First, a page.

Beit Shean National Park is an important stop on any Jewish or Christian Tours in Israel. When coming down from the Galilee traveling towards Jerusalem, it is on the way on the Jordan valley.
After the Birth of Israel as a new country in 1948 it was located almost at the border of the territories in the hands of the Jordanians, In other words it was the end of the road.
Shean Nights a breathtaking audiovisual display taking place after sunset
Touring the Archaeological site of Beit Shean National Park
Start with the impressive Roman Theater and proceed to the bathhouse complex to its west. Explore the extensive bathhouse and continue to the ancient street below called “Paladius”, as mentioned on a dedication found at the entrance.
Follow the street in a northern direction to the bottom of the tell where you’ll see some of the major monuments of the area including a Roman Temple Nympheum.
Beit Shean may become very hot in summers, so if you still have the strength, climb to the top through the steps located at this junction. Once on the top you’ll have an amazing view of the site, Beit Shean and the surroundings. Then you may go down following 'Sylvanus Street' to the east. Take some more time to explore or take more photos before you head for the exit.
Beit Shean also spelled Beth Shean, on the Jordan Valley is one of Israel’s oldest cities. The ancient tell discovered a few decades ago show many layers of civilizations. Tel Beit Shean are ruins of a Roman City the only one of the Decapolis of the Roman Empire built in Israel. It is located on a fertile valley of the Nahal Harod and was the crossroads for the passing of goods from East to West and North to South. That is why it was populated for many generations since the beginnings of time.
Impressive amphitheater of Roman times
During the Late Bronze Age, the Egyptians ruled Canaan from here. The Bible tells us that the Israelites couldn’t capture the city from the Canaanites. Tel Beit Shean discovered several Canaanite temples and the presence of Egyptian rule in the region. The story tells that the bodies of Saul and his sons were hung from its walls. King David conquered the city together with Megiddo and it became an important administrative center during the reign of his Father King Solomon.
In 731 BCE, the city was destroyed by the Assyrian King. In the second half of the fourth century BCE, at the time of Alexander the Great, Bet Shean was reestablished as a Greek polis, with all the trappings of Greek culture, colonnaded streets, temples, theaters, markets, fountains and bathhouses.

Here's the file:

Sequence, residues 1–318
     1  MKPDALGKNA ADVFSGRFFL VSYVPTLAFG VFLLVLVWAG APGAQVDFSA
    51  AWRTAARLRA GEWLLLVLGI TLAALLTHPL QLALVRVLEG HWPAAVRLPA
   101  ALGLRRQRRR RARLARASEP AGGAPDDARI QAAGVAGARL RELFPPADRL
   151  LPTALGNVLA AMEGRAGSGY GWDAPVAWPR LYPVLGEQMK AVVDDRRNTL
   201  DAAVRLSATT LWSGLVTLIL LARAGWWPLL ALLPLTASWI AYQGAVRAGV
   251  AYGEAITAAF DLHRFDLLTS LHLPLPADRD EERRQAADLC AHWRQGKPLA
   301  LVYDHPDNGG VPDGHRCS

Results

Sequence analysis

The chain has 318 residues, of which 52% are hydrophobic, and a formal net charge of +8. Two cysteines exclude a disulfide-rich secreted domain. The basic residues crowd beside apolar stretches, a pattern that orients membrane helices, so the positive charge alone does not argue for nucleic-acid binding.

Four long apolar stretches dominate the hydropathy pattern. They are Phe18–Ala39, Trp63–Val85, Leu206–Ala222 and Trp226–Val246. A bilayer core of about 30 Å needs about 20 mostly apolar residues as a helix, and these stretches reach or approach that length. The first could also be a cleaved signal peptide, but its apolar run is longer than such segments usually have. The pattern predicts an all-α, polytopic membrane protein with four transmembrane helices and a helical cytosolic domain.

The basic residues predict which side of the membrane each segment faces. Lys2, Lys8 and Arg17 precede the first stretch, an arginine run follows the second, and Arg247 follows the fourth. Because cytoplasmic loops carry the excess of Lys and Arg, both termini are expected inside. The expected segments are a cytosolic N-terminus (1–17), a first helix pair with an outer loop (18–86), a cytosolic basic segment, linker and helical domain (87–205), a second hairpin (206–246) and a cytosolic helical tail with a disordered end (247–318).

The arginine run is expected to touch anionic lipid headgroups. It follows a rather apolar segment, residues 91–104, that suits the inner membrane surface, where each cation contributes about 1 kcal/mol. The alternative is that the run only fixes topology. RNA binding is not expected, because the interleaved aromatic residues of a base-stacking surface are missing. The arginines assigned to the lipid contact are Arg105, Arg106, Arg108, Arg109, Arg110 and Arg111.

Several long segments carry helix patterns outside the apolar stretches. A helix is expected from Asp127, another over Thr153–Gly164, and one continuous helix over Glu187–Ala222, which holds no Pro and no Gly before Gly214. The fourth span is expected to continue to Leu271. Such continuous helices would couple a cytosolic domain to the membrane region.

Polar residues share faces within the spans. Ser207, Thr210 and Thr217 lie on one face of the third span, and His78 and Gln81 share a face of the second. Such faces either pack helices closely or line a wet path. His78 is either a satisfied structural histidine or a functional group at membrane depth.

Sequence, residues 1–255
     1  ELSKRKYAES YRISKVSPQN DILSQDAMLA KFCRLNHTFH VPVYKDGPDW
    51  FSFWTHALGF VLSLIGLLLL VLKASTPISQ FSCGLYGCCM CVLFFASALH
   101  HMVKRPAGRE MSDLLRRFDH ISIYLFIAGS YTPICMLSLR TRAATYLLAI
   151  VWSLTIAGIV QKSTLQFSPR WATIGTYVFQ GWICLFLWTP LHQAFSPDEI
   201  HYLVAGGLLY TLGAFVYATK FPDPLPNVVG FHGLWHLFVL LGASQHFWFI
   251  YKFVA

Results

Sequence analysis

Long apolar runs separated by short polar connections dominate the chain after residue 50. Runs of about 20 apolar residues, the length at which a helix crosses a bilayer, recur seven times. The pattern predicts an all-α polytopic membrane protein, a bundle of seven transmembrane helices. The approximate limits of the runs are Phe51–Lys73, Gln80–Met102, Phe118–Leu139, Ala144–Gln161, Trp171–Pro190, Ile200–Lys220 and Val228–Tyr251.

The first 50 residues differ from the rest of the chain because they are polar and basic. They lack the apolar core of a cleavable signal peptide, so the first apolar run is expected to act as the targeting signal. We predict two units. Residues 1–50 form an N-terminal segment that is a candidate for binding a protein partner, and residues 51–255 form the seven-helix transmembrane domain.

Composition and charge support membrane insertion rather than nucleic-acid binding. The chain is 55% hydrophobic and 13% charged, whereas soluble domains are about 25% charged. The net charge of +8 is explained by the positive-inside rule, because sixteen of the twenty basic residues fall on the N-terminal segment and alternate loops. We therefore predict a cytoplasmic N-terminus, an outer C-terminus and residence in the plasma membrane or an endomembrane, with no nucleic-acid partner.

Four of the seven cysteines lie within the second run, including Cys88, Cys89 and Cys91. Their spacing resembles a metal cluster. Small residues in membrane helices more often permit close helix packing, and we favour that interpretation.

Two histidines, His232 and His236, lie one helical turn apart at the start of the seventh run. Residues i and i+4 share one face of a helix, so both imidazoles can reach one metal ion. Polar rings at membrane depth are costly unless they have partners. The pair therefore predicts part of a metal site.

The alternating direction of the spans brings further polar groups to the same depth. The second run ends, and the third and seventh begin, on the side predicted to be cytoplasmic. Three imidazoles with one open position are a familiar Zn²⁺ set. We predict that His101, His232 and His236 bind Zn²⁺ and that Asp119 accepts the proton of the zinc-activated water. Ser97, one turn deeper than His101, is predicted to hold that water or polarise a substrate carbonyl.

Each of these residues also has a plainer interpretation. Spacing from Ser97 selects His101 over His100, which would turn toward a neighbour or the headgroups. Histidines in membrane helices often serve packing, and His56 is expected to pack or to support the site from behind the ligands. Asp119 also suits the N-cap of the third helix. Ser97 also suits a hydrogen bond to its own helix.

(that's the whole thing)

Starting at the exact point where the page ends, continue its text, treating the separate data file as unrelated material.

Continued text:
During the Greeks the city was renamed as Nisa Scythopolis. Greek Mythology tells us that Dyonysus, the God of Wine, buried his nurse Nisa in town and settled in with his personal guard originals from Scythian, a region of what is today southern Russia. When the Hasmonean conquered the city they gave the Pagan inhabitants the choice to convert to Judaism or leave. They chose exile and the Jews resettled there and restored the original name of Beit Shean.
Discover a complete town in the ruins of
Beit Shean National Park
In the year 63 CE, the Romans retook the city and made it prosper tremendously during the reign of Emperor Hadrian and Marcus Aurelius. During the Roman period, Jews, Pagans and Samaritans lived in harmony and built grand public buildings, monuments and statues with inscriptions.
In the fourth century, when Christianity became the religion of the empire, the lifestyle of the city changed again. The amphitheater where gladiators had fought was neglected, although the theater and the bathhouses continued in operation. Churches were built, but the center of town retained its pagan character for a long while.
After the Arab conquest in the first half of the seventh century, the city gradually declined, losing its hegemony to Tiberias. Then, in 749 CE, an earthquake rocked the region and devastated Beit Shean. Anywhere you look in the excavations there is evidence of the earthquake.
Even if you are touring Israel on your own, make it a priority to visit Beit Shean and its Roman Ruins.
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2015 - 2018